Questions tagged [teleology]

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Does the universe have an ultimate purpose? [closed]

Objective purpose is an alternative? Universal, fundamental purpose?
Meanach's user avatar
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Way to find a middle ground between functionalism and "panpsychism"?

Scientifically, given that we are just pieces of universe (earth), then parts of the universe can experience phenomenal consciousness. "Panpsychism" says that therefore phenomenality must be ...
Yop's user avatar
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Kant's "interpret them as divine commands" remark

I was thinking about the idea of teleological/natural-law ethics as founded in the will of a divine power, and I thought that there would be (A) a purpose that this power had set for Itself alongside (...
Kristian Berry's user avatar
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If we used √OB and √𝓐 operations, could we have a demi-is/demi-ought proposition that bridged full "is" with full "ought"?

The insight that the teleological ethicist seems to have is that final causality is a type of the moral law in the Kantian sense (from the second Critique): ... the moral law has no faculty but the ...
Kristian Berry's user avatar
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Does the Introduction of Teleology into Ethical Discourse Solve Hume's Is/Ought Problem?

For Hume, no one could describe objective reasons for thinking that a man ought to do something generally, becuase there was no way to derive an ought from an is. But, if a classical view of causality ...
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What is a functional relationship?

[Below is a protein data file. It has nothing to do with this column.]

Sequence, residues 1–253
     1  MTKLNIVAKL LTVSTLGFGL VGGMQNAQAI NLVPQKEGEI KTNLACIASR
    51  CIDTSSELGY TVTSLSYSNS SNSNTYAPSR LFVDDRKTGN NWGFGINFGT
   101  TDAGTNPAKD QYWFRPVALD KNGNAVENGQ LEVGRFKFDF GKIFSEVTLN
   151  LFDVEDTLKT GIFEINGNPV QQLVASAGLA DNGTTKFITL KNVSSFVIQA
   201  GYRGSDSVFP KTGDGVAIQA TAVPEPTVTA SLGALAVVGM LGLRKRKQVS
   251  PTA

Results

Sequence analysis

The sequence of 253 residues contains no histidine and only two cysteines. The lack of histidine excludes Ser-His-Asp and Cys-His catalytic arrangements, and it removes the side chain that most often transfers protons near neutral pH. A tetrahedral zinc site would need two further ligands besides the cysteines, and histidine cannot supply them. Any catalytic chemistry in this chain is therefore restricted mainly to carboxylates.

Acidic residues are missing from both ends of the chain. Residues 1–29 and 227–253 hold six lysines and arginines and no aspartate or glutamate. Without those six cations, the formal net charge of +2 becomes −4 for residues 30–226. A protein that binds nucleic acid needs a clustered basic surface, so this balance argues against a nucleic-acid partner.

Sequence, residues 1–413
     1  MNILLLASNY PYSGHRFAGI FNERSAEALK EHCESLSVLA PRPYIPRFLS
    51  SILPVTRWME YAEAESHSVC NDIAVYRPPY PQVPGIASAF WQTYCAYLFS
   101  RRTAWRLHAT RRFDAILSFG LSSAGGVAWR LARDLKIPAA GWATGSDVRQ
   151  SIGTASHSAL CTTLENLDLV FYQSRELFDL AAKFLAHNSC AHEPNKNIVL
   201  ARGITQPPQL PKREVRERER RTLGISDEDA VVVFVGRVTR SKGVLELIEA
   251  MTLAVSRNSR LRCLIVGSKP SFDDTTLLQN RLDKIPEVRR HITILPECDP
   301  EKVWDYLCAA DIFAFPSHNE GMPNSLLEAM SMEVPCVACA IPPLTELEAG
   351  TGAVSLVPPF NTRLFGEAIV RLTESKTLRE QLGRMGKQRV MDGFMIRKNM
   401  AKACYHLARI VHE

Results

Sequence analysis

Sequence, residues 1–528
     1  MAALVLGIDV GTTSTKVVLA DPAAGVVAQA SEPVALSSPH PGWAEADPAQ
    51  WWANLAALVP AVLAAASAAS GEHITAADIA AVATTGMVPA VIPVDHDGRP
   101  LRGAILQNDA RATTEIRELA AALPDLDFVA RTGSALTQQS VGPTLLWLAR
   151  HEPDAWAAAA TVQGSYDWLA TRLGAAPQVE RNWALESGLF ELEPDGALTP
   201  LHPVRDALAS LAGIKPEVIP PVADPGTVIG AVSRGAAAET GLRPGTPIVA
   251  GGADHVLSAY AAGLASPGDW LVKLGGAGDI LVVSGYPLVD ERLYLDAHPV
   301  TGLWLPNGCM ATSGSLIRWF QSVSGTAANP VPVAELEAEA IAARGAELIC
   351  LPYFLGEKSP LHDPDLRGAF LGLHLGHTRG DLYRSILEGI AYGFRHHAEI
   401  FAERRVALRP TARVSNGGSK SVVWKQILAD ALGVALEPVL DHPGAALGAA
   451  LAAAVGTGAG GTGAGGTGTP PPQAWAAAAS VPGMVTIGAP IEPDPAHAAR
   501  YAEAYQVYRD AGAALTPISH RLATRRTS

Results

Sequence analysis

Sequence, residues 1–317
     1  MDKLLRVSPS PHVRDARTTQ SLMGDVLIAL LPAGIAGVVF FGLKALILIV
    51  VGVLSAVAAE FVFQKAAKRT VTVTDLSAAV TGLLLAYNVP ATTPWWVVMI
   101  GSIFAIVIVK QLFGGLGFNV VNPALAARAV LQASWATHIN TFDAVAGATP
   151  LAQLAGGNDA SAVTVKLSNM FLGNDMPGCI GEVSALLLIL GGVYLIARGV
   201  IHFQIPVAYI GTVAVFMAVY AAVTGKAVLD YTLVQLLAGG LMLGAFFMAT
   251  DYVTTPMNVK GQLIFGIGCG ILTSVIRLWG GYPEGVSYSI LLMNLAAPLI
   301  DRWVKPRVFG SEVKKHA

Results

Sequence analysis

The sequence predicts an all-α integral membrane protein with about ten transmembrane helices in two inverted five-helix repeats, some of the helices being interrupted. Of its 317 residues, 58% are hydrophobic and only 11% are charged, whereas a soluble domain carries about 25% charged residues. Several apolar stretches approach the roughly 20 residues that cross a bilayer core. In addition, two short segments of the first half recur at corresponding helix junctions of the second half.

By a "functional relationship" I mean "the way" a part of a system interacts with the rest of the system. In a certain sense it "doesn't matter" how the part of the ...
causative's user avatar
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How to understand "type-which-corresponds-to"?

In the comment on How do we define this?, user g s wrote a deleted comment indicating that things could be defined using "type-which-corresponds-to" (exact quote from memory). They followed ...
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Could deities/multiverses be the empty/trivial solutions to, "How and why does our universe exist in the way it does?"

Note: I am loosely following Nicholas Rescher (Axiogenesis) here, by qualifying "the existence of this world" as "the existence of this specific world," where, "Why is there ...
Kristian Berry's user avatar
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Are only human beings capable of rationally intentional acts?

Max Horkheimer's 1947 book The Eclipse of Reason argued that over the course of history, the conception of reason shifted from the objective - the Greek idea that reason qua logos governs the Cosmos - ...
Wayfarer's user avatar
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What's the difference between teleology and teleonomy?